The revolutionary speech recognition technology has been successfully adopted in many clinical practices to help with documentation as it is a time-saving and cost-effective solution. Well, we all know that speech recognition software can help reduce documentation overload, but how far can it be safely and efficiently implemented in a healthcare practice? A study published by JAMA Network Open in the year 2018 says that the clinical documents generated by the ASR software are susceptible to errors. The potential errors may result in patient safety issues, which is a cause for serious concern.

Assessing the accuracy of ASR in EMR documentation

JAMA Open Network conducted a study wherein they set to identify and analyze the errors in the dictated clinical documents using ASR technology as well as professional transcriptionists. For this purpose, they randomly picked some 217 notes dictated by 144 physicians using speech recognition software. The studies were conducted in two healthcare facilities – Partners Healthcare System in Boston and the University of Colorado Health System in Aurora.  These were their findings

  1. Of the 217 notes it was found that 96.3% of the unedited notes generated by the speech recognition software had errors.
  2. Of the errors, deletions were found to be very common and contributed to 34.7% and insertions came up to 27%.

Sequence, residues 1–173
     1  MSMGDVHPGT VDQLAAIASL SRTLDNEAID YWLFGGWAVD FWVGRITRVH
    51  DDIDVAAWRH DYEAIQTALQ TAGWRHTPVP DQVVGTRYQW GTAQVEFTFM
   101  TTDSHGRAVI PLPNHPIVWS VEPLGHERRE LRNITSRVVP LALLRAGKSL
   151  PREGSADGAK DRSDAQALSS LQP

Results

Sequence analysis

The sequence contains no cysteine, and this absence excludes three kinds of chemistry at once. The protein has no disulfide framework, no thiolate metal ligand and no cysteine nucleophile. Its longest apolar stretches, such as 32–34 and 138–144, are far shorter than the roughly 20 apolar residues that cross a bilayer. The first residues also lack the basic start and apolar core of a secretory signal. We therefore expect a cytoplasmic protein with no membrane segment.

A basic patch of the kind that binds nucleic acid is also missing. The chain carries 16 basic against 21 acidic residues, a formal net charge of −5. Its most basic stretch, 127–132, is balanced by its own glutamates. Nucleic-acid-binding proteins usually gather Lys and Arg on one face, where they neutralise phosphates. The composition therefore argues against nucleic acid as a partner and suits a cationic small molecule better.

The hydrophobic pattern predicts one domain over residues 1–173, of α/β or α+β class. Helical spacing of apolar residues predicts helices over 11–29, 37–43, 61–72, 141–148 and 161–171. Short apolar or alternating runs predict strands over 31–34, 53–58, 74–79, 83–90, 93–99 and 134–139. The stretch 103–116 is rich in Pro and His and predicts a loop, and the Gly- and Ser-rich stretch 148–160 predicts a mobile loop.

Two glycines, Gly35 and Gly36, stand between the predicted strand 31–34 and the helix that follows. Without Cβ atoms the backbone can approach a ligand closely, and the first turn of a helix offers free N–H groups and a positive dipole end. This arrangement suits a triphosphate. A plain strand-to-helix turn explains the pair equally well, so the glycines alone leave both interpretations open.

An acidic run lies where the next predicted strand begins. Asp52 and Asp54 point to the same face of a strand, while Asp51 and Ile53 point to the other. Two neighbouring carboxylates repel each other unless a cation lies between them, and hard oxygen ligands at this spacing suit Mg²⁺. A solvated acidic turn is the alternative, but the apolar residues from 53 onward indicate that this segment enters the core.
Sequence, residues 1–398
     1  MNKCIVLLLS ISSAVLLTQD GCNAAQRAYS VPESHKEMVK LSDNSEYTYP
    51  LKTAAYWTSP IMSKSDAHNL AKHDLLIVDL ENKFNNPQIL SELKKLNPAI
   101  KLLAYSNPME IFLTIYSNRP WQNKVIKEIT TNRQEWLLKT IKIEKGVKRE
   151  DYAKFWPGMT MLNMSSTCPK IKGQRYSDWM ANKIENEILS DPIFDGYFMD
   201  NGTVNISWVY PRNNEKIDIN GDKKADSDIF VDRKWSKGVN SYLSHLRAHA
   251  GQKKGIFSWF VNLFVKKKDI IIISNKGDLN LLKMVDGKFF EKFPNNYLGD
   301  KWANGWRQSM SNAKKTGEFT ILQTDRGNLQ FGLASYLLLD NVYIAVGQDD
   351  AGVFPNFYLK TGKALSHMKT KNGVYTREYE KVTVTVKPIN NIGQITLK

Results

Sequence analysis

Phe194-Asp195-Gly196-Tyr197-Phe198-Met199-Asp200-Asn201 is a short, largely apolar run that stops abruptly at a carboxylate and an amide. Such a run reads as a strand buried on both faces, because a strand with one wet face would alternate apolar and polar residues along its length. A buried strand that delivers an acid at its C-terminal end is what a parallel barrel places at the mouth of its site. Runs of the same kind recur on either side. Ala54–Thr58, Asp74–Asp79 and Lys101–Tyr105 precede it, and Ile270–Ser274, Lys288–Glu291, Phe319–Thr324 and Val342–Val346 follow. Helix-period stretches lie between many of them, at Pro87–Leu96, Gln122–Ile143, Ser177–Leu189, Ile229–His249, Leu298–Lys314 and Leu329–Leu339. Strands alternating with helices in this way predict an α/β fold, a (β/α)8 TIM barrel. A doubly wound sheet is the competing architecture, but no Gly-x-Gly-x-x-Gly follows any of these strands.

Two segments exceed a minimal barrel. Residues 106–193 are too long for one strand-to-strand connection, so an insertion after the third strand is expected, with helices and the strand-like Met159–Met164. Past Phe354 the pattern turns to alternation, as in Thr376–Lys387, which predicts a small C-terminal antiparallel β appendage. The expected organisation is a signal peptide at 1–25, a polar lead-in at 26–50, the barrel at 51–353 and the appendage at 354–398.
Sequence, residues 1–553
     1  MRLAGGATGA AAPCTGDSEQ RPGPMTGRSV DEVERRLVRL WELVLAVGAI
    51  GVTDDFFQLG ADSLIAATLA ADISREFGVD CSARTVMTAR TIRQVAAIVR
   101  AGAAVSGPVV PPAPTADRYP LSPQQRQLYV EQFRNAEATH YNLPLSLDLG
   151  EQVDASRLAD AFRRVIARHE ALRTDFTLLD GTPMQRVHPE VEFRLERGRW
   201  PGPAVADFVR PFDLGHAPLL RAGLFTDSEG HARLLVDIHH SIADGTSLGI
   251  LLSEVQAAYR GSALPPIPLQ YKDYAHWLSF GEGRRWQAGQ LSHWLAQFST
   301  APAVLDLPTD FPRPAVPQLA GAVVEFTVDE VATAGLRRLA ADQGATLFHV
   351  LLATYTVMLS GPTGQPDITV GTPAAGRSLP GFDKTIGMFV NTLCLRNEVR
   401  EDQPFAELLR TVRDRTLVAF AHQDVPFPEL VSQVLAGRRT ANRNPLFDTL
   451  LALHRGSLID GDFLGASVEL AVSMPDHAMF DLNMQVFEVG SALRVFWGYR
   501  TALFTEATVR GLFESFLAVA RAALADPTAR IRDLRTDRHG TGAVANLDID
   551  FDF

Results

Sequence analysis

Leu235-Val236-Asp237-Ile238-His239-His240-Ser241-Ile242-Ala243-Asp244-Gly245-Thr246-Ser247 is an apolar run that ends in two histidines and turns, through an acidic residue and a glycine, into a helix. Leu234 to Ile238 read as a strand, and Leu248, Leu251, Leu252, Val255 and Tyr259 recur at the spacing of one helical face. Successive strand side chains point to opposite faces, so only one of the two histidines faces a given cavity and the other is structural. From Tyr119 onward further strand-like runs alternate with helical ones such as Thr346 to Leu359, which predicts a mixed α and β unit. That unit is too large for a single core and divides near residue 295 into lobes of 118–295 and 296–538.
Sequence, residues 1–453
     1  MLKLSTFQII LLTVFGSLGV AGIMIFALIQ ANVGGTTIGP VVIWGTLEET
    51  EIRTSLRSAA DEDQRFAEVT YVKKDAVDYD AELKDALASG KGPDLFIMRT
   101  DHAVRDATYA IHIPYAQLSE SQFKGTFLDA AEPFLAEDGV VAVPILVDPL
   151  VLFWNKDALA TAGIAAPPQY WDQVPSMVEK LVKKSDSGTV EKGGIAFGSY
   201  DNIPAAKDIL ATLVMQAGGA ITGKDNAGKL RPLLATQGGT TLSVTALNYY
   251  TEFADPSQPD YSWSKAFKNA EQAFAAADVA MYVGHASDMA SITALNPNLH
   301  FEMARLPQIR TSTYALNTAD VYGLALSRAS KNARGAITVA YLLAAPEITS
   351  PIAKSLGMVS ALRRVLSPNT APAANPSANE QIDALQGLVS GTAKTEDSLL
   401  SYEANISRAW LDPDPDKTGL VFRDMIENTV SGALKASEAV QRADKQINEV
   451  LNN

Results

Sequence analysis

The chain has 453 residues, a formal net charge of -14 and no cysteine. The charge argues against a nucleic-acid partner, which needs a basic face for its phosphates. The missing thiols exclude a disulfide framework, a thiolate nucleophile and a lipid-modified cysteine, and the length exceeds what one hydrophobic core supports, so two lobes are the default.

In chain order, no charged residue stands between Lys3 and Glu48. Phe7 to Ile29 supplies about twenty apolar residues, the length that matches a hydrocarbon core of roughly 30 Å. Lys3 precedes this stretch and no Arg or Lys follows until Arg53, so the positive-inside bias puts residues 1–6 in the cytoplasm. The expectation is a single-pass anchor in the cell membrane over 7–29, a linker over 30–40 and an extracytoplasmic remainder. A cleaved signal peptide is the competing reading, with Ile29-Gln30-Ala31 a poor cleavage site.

3. Errors were also frequently noted in converting numbers. For e.g., the “17-year-old” was incorrectly converted to the “70-year old”. Other errors found were missing or incorrect prefixes. For e.g., the word “inadequate” was erroneously converted to “adequate”.
  4. Several other potentially serious medical errors were also noted. As per the notes generated by the speech recognition software, the medical condition DKA (diabetic ketoacidosis) was incorrectly converted as “Dengue”. In another instance, the speech recognition software wrongly interpreted a patient having “groin mass” as “grown mass”.
  5. The study found that the error rate was 7.4% in unedited documents and the error rate decreased to 0.4% after the document was manually edited and reviewed by a transcriptionist. However, at this stage most of the errors, i.e. 26.9 % were associated with the clinical information, of which 8.9% were regarded as “clinically significant”.
  6. The error rate of the final version of the clinical notes after it was signed off by the physician substantially reduced and was observed at 0.3%. It was also noted that one out of every 250 words contained clinically significant errors.

Even though the speech recognition software was introduced to make medical transcription highly efficient and effective, it is prone to errors.  The research findings of JAMA Network Open 2018 demonstrate the need for human intervention in manual review and editing, software training, quality assurance, and auditing. This ultimately improves the quality of the speech recognition-generated document, which in turn increases patient safety.

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